Iceland Mag

4 Reykjavik

Iceland Mag


Seabirds dying of malnutrition in the sea north of Iceland, changing ocean conditions to blame

By Staff

  • Puffins heading out to sea The seabirds seem to have starved to death. Most are auks and murres, but dead puffins have also been found in unusually large numbers. Photo/Heiða

Unusually high numbers of dead seabirds have been found washed ashore on the beaches of North Iceland in the past months. A biologist who spoke to the Icelandic National Broadcasting Service RÚV said malnutrition and lack of feed for the birds were the most likely explanations.

Cause of deaths seems to be starvation
It is not uncommon to find dead birds washed ashore during the winter, as the birds die of natural causes while out at sea, and then wash ashore. However, unusually large numbers of dead birds have been reported this year. The birds seem to have starved or had been suffering from malnutrition as they are "extremely scrawny", according to Yann Kolbeinsson, a biologist with the North East Iceland Nature Center.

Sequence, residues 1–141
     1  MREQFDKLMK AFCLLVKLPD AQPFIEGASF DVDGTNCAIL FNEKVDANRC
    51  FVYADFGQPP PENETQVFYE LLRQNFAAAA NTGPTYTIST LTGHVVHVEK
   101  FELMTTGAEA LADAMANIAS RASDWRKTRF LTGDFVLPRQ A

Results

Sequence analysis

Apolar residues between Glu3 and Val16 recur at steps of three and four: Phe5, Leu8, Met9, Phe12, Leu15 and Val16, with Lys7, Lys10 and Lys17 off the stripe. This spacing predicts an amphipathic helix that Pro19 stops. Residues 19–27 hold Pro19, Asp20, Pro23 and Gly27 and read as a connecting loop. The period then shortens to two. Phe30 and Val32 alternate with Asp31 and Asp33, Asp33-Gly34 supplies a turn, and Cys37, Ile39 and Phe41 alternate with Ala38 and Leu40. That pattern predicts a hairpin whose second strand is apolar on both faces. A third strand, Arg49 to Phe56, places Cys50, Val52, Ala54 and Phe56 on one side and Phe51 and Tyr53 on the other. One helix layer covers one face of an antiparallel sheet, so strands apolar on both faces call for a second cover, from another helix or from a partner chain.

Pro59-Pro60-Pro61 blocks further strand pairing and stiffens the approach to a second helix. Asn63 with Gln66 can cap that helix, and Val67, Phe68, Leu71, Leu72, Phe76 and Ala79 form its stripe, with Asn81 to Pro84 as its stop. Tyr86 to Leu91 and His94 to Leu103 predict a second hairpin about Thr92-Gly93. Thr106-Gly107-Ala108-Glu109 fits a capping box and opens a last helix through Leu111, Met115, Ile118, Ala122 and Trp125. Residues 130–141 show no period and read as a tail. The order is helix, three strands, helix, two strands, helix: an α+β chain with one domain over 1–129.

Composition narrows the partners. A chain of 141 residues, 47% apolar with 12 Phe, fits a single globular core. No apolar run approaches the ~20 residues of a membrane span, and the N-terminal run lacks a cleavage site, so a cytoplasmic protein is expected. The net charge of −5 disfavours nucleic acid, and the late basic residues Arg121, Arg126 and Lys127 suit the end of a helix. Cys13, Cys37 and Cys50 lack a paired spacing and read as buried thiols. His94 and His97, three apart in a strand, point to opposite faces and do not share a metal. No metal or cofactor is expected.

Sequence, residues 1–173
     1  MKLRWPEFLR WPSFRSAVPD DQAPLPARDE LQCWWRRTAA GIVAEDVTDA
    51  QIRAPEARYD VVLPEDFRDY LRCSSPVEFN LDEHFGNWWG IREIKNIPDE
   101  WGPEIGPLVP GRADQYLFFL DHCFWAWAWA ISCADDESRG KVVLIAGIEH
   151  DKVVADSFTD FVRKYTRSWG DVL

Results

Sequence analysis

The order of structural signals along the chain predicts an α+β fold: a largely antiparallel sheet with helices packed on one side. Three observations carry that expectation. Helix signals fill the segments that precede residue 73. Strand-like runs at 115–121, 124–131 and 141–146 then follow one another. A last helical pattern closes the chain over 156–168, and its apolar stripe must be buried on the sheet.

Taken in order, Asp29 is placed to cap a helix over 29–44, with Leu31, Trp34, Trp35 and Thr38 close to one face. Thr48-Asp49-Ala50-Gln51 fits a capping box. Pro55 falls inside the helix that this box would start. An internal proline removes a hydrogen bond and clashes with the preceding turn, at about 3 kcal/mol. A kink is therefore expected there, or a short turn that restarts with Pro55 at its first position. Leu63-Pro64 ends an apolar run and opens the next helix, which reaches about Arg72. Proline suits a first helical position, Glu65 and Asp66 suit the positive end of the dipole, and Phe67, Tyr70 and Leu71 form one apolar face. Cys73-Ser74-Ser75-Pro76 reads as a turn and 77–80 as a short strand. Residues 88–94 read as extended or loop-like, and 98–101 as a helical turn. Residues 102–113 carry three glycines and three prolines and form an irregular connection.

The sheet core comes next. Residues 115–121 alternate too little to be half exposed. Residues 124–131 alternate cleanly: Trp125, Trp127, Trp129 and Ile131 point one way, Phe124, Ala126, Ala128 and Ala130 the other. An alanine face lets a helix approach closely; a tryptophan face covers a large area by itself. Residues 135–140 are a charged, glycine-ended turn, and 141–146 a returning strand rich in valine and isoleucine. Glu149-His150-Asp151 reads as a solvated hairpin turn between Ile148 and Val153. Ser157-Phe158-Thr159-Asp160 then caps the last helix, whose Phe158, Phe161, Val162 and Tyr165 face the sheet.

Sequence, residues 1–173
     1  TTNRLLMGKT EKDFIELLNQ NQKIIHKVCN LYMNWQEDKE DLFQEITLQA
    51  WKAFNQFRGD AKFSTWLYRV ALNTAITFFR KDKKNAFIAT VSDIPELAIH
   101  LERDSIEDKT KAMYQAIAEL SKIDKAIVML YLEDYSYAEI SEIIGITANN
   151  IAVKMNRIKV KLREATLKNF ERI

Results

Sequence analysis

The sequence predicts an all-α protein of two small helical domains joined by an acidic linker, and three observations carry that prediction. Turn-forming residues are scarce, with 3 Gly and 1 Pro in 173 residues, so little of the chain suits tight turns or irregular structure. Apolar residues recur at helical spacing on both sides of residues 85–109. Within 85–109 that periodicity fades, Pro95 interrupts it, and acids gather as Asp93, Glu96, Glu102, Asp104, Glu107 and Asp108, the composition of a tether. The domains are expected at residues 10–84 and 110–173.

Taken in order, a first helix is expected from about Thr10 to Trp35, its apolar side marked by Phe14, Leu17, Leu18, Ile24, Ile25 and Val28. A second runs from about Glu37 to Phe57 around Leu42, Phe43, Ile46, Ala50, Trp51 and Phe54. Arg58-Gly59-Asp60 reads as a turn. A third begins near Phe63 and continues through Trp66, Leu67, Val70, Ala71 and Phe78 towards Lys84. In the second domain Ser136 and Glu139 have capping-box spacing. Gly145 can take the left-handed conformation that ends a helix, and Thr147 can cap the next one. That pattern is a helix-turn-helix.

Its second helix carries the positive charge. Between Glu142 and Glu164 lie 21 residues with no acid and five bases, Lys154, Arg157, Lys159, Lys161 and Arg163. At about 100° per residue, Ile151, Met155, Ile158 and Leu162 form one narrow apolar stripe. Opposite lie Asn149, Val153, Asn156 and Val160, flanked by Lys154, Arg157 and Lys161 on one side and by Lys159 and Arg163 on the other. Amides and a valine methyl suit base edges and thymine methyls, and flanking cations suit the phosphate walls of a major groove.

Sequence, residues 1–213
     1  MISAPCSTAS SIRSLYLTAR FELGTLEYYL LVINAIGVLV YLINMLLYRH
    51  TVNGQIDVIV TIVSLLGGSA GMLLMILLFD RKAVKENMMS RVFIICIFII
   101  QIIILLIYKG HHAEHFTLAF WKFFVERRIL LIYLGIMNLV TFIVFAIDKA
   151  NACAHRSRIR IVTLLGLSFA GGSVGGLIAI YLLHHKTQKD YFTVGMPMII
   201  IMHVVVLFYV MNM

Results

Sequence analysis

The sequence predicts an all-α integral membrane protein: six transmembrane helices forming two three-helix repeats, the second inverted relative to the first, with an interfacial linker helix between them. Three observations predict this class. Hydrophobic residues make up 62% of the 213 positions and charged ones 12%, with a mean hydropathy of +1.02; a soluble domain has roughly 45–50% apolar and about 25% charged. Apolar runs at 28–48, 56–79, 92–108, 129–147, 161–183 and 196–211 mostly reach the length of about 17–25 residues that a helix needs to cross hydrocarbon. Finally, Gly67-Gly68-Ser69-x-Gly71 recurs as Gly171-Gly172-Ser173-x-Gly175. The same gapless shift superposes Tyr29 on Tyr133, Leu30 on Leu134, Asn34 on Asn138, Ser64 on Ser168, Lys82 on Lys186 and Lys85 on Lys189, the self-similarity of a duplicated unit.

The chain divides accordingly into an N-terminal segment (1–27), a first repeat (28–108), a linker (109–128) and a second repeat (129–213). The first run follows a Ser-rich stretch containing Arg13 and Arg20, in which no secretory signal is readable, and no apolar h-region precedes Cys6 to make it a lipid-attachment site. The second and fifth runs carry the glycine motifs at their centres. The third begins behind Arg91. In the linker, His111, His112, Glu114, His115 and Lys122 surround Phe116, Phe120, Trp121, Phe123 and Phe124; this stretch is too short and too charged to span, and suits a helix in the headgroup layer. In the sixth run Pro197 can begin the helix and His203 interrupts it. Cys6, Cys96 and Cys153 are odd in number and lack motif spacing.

This year's deaths have not been examined systematically Yann told RÚV, but examinations of bird carcasses during similar years of unusually high numbers of deaths have showed that malnutrition and starvation are the most common causes of death. Biologists have warned for several years that changing conditions in the ocean around Iceland are causing serious stress on most seabird species.

Read more: Nat Geo reports that Iceland‘s seabird colonies are slowly wanishing due to climate change

Most of the seabirds which have been found are the common murres and razorbills, species which are not considered under any serious stress. Thick billed murres, little auks and puffins have also been found dead, but in smaller numbers.

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